Role for glia in synaptogenesis

GLIA, Issue 3 2004
Erik M. Ullian
Abstract Nearly one-half of the cells in a human brain are astrocytes, but the function of these little cells remains a great mystery. Astrocytes form an intimate association with synapses throughout the adult CNS, where they help regulate ion and neurotransmitter concentrations. Recent in vitro studies, however, have found that astrocytes also exert powerful control over the number of CNS synapses that form, are essential for postsynaptic function, and are required for synaptic stability and maintenance. Moreover, recent studies increasingly implicate astrocytes in vivo as participants in activity-dependent structural and functional synaptic changes throughout the nervous system. Taken together, these data force us to rethink the role of glia. We propose that astrocytes should not be viewed primarily as support cells, but rather as cells that actively control the structural and functional plasticity of synapses in developing and adult organisms. © 2004 Wiley-Liss, Inc. [source]

Clinical and biochemical implications of low thyroid hormone levels (total and free forms) in euthyroid patients with chronic kidney disease

J. J. Carrero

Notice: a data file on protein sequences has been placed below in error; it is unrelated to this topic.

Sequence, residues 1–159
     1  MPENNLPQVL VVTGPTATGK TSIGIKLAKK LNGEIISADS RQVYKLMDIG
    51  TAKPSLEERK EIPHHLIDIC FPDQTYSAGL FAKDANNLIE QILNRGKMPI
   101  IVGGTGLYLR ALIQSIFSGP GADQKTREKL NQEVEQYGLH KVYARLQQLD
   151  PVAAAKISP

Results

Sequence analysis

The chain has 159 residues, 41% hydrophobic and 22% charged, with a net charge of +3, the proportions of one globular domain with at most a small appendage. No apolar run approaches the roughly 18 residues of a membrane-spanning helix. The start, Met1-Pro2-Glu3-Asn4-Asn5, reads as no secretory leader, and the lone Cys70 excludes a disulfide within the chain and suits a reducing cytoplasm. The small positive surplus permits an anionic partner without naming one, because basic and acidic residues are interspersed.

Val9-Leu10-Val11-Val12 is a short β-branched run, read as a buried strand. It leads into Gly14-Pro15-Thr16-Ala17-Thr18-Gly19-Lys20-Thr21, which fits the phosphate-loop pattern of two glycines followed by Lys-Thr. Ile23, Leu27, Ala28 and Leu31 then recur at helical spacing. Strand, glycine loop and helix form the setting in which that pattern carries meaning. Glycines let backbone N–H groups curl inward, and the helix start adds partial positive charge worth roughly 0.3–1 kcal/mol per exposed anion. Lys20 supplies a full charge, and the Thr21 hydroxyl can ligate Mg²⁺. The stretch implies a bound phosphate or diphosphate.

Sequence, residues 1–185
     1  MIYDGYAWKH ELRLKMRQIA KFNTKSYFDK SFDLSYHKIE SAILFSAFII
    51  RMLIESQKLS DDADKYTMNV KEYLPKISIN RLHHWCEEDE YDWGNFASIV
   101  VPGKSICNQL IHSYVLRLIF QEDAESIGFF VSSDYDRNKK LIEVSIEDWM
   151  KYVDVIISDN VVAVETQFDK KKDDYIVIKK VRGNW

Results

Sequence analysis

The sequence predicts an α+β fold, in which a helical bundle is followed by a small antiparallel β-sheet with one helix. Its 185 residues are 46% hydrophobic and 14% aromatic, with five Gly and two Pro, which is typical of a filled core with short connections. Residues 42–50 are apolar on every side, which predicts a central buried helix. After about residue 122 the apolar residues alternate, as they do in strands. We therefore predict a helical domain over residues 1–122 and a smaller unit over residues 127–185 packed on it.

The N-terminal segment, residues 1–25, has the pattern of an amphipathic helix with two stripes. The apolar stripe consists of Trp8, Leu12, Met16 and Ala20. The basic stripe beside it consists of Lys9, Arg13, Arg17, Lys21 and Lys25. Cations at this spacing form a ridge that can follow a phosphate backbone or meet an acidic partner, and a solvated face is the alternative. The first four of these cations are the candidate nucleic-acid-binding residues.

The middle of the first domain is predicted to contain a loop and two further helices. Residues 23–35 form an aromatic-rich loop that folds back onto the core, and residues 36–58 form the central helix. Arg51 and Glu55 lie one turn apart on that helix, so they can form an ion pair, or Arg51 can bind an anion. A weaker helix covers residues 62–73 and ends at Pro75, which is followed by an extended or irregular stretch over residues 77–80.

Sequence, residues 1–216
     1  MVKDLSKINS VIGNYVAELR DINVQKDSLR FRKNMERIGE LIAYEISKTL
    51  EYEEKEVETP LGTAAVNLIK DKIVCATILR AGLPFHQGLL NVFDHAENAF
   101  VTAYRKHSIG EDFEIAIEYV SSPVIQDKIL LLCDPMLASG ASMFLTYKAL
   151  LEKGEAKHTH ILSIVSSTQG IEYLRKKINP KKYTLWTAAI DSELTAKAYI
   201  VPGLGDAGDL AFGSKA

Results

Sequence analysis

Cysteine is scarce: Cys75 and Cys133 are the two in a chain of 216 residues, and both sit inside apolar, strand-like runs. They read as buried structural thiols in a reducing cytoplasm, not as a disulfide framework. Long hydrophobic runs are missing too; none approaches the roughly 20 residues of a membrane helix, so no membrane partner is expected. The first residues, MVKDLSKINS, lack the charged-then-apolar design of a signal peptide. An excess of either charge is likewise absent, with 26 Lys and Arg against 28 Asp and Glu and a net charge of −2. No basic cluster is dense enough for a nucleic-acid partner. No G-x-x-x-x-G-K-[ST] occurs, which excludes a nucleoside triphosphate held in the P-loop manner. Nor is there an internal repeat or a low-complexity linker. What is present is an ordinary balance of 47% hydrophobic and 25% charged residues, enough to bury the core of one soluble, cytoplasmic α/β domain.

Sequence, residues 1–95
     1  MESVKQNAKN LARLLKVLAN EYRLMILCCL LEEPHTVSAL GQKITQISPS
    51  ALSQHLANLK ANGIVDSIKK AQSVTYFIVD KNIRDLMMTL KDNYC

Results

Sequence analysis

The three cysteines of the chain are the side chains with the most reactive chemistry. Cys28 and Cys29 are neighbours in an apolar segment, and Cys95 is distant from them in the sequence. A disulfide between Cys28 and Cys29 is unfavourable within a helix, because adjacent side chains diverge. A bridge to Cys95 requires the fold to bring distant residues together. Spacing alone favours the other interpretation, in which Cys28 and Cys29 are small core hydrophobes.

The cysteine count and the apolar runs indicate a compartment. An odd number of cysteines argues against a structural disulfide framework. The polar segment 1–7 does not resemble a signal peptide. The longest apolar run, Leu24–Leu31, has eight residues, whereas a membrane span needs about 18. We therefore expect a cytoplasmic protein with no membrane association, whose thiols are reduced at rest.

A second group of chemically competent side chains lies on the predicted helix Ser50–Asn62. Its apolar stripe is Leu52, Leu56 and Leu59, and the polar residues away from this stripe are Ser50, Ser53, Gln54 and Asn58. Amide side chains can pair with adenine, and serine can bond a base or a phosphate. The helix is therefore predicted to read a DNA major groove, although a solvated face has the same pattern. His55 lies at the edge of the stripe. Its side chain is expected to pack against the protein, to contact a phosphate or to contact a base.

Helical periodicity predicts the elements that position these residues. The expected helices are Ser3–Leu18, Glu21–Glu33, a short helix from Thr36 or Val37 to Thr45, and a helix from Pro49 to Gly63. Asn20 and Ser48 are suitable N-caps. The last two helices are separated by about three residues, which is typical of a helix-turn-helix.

Abstract., Carrero JJ, Qureshi AR, Axelsson J, Yilmaz MI, Rehnmark S, Witt MR, Bárány P, Heimbürger O, Suliman ME, Alvestrand A, Lindholm B, Stenvinkel P (Karolinska Institutet, Stockholm; and Karo Bio AB, Novum, Huddinge; Sweden). Clinical and biochemical implications of low thyroid hormone levels (total and free forms) in euthyroid patients with chronic kidney disease. J Intern Med 2007; 262: 690,701. Objectives., In this study, we explore the associations of decreased thyroid hormone levels with inflammation, wasting and survival in biochemically euthyroid patients with end-stage renal disease (ESRD). Design., After exclusion of 23 patients with thyroid-stimulating hormone (TSH) values outside the normal range (0.1,4.5 mIU L,1), 187 clinically and biochemically euthyroid incident ESRD stage 5 patients starting dialysis were followed for a median of 20 (range 1,60) months. Measurements of total and free forms of thyroid hormones, s-albumin, hs-CRP, interleukin (IL)-6, vascular adhesion molecule (VCAM)-1 and insulin-like growth factor 1 (IGF-1) were performed at baseline. Results., In this population, 17 out of 210 patients (8%) were defined as subclinically hypothyroid. Multivariate analysis, according to receiver operating characteristic (ROC) curves, showed that mortality was best predicted by total triiodothyronine (T3). When using the cut-off levels derived from ROC, low T3 levels were associated with increased inflammation (higher hs-CRP, IL-6 and VCAM-1) and lower concentration of both s-albumin and IGF-1. Finally, low T3 but not low free triiodothyronine was associated with worse all-cause (Likelihood ratio = 45.4; P < 0.0001) and cardiovascular mortality (Likelihood ratio = 47.8; P < 0.0001) after adjustment for confounding factors. Conclusion., This study showed that low T3 levels are independent predictors of all-cause and also cardiovascular disease mortality in biochemically euthyroid patients, perhaps due to an intimate association with inflammation. Based on these results, the use of T3 levels in studies assessing the relationship between thyroid dysfunction and mortality risk is recommended. [source]